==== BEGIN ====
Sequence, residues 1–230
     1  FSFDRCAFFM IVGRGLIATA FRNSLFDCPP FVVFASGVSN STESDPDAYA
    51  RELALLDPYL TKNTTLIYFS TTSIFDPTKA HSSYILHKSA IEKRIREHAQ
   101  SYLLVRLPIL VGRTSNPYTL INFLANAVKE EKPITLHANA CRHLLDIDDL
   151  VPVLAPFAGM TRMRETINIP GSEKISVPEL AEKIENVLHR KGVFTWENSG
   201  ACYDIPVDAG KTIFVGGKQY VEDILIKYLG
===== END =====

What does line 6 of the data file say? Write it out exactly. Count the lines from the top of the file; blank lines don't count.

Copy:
   201  ACYDIPVDAG KTIFVGGKQY VEDILIKYLG